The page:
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Kremlin warns of conflict if Georgia joins NATO

A section of one of the longest oil pipelines in the world runs through the former Soviet republic.

By
Daniel J. Graeber
Russian Prime Minister Dmitry Medvedev warns of regional conflict if Georgia joins the NATO alliance. File Photo by Yuri Gripas/UPI
Russian Prime Minister Dmitry Medvedev warns of regional conflict if Georgia joins the NATO alliance. File Photo by Yuri Gripas/UPI | License Photo

Aug. 6 (UPI) -- The accession to NATO for Georgia, which hosts one of the world's largest oil pipelines, could lead to regional crises, the Russian prime minister said Monday.

NATO Secretary General Jens Stoltenberg hosted Georgian Prime Minister Mamuka Bakhtadze in Brussels in July following a summit where all 29 members of the alliance backed Georgia's bid to join NATO.

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Russian Prime Minister Dmitry Medvedev was quoted by Russian news agency Tass as saying the accession of Georgia, a former Soviet republic, could trigger a "terrible conflict."

Georgia lacks any substantial domestic oil or gas reserves, but sits along the primary transit point for oil from the Caspian Sea and Central Asia to Europe through the 1,099-mile Baku-Tbilisi-Ceyhan pipeline.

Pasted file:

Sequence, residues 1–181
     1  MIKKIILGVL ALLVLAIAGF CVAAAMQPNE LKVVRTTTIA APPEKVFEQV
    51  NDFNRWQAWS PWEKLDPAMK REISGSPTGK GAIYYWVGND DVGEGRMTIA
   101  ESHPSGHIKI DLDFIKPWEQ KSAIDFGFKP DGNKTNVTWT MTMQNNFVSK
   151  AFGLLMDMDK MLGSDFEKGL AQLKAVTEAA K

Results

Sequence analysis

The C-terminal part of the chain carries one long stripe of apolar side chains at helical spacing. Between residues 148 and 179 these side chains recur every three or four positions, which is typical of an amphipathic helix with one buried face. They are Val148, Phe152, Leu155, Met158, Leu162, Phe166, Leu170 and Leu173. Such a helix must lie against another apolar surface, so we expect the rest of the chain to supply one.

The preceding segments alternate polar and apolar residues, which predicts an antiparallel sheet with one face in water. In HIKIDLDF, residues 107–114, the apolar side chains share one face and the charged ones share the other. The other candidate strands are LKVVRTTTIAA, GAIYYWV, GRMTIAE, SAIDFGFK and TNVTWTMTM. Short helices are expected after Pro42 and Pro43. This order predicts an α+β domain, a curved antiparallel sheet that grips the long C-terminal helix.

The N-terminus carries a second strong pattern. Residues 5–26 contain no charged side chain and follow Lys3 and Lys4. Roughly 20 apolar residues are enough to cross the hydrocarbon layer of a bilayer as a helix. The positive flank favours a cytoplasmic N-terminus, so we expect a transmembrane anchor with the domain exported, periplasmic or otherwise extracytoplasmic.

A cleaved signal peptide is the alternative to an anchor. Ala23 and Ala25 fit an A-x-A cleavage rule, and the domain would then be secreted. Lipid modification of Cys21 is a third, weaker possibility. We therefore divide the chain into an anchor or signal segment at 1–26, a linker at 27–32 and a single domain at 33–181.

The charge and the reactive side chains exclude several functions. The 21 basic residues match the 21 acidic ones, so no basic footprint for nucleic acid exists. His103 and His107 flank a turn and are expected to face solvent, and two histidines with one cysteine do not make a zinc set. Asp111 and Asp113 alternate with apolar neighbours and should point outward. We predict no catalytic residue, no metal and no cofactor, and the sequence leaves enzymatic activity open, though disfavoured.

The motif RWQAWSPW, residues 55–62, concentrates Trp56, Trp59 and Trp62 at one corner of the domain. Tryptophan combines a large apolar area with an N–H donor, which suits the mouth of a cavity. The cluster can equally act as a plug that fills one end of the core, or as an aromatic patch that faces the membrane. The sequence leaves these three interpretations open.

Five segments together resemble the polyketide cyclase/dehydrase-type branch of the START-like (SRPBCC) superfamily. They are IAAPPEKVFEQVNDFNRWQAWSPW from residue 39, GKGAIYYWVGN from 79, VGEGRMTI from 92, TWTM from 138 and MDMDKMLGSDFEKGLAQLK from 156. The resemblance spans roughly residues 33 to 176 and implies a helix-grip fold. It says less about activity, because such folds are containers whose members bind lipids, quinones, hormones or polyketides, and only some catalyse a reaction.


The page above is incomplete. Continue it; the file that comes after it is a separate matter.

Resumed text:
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The BTC pipeline was brought on line in 2007 to bring about 1 million barrels of oil per day from Azerbaijan's capital, Baku, through Georgia and on to Turkish ports in Ceyhan. The Georgian section of the pipeline runs within 34 miles of South Ossetia, controlled by Russia since regional conflict erupted 10 years ago.

For natural gas, the first phase of deliveries from the Shah Deniz field off the coast of Azerbaijan, heralded as BP's largest gas discovery when it was announced in 1999, moved through Georgia and Turkey in 2006. The second phase will push gas through a network of pipelines dubbed the Southern Gas Corridor deep into southern Europe.

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Europe gets about a quarter of its gas needs met by Russia, though most of that runs through the Soviet-era transit network in Ukraine, where geopolitical conflicts present a risk to energy security. The broader Southern Corridor is in a race against plans by Russian energy company Gazprom to twin the Nord Stream gas pipeline through the Baltic Sea to Germany.

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